After It Follows, you may start looking around a little more. You’ll see someone walking in a straight line towards you. Maybe it’s a friend, maybe it’s a stranger. But as it approaches, you run, and hope it doesn’t follow. People might wonder just why you’ve jumped over a school fence to get away from them, but better to be safe than sorry.  For It Follows is a modern horror tale which tells the dangers sex can bring. An STD from hell.

It’s the reincarnation of John Carpenter, the visual step child of Drive, and the future of young composers and directors butting heads to make a real horror show. Add the chilling synth-ridden soundtrack to your collection, and you can experience many chills on the bus or when walking about. That’s what I did for an extra added sense of sick day to day pleasure. I even ran. Didn’t jump any fences though.

3. The Tale of The Princess Kaguya


Miyazaki may have bowed out with The Wind Rises, but it doesn’t mean the end of Ghibli (though they have gone on hiatus since…). The Tale of The Princess Kaguya is from that other guy, you know, the one who gave us the deeply depressing Grave of The Fire Flies, and the increasingly miserable Pom Poko (It’s Isao Takahata). He hasn’t cheered up much with this classic Japanese tale come to life, but he’s brought about one of the most beautiful films of all time. My eyes water every time I watch it, my vision swept away by the watercolour waves.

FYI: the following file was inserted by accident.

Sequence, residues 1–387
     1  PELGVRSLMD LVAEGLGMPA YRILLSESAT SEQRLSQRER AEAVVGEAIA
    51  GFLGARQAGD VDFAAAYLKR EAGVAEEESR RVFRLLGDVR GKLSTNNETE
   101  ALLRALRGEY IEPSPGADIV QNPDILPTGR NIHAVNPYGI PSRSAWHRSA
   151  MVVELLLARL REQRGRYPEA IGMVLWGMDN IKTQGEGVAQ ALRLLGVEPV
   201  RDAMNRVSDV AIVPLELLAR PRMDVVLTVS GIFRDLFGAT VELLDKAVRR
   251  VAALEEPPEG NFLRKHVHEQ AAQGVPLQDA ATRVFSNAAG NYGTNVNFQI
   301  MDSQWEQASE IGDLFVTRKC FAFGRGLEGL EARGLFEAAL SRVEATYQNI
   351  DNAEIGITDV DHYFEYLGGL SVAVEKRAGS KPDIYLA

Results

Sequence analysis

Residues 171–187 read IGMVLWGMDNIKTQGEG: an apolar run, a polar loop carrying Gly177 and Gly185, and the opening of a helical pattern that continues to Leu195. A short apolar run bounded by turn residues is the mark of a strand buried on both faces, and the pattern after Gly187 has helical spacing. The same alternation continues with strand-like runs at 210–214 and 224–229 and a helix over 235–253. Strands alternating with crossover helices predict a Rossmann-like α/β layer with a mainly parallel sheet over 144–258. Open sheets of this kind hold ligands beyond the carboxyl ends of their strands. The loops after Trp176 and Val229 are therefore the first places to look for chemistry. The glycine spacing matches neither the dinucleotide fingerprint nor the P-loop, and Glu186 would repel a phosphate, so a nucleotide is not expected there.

The hand drawn animation which evokes old Japanese art paints a pretty picture, one in which each scene could be framed and put up in a gallery, and it shows just what it’s like to be a real princess in feudal Japan, adding the history and depth any good painting should have. This ain’t no Disney princess. Nor is it a modern day Kate Middleton princess either. From what we see outside of the castle walls anyway…

2. Whiplash


If you want to be good at something, most of the time you practise your ass off for weeks, months, years, however long it takes till you reach a point were you feel some level of satisfaction. But that’s just not good enough. You should want to be one of the best, and to be the best you have to beat the rest, no matter how much you must hurt on a psychological level, or how much you must bleed. And you’ve gotta bleed.

Whiplash presents all this hard work in the form of jazz drumming, and has J.K Simmons play a sergeant like teacher, think Full Metal Jacket, barking orders, throwing insults, along with cymbals. The films title doesn’t lie when it comes to what you’ll get, and by the end of it you’ll be browsing the jazz aisle of your nearest music shop for some Charlie Parker. Might not have you picking up a set of sticks though.

1. Birdman or (The Unexpected Virtue of Ignorance)